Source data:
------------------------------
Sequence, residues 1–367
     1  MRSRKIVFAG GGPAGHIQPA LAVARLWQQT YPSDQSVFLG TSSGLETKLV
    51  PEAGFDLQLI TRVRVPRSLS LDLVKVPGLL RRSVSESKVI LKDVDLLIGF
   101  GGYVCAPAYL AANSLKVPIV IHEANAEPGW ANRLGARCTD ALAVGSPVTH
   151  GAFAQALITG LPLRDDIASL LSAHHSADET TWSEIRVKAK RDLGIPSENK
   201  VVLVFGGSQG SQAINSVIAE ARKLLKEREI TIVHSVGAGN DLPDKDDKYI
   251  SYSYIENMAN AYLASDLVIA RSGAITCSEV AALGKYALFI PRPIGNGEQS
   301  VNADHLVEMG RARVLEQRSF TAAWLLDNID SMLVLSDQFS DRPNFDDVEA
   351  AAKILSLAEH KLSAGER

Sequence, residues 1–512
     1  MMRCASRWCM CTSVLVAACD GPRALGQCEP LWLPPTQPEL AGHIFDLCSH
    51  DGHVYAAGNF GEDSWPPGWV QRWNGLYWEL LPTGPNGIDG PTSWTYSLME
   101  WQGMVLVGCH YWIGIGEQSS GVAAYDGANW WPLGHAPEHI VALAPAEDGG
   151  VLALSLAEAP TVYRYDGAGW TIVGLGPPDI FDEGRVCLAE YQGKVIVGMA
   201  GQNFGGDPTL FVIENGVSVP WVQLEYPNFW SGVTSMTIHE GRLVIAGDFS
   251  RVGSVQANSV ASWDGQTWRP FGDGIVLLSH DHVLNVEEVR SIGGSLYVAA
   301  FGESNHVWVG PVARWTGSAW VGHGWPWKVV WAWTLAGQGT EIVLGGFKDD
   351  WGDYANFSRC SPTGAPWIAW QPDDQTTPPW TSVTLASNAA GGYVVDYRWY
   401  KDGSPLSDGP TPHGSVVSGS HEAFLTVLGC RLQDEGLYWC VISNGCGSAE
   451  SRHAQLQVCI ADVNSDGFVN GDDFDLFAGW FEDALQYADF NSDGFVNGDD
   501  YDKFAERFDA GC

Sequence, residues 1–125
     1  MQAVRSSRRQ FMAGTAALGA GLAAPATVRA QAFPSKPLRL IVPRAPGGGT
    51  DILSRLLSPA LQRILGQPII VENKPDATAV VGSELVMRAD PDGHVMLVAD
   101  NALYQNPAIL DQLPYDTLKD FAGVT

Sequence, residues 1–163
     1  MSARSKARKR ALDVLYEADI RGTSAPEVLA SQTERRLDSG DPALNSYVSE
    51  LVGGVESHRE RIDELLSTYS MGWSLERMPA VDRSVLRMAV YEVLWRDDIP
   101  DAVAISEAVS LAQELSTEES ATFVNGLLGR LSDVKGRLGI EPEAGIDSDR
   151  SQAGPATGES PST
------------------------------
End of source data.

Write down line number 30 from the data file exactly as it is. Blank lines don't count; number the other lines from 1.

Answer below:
   151  SQAGPATGES PST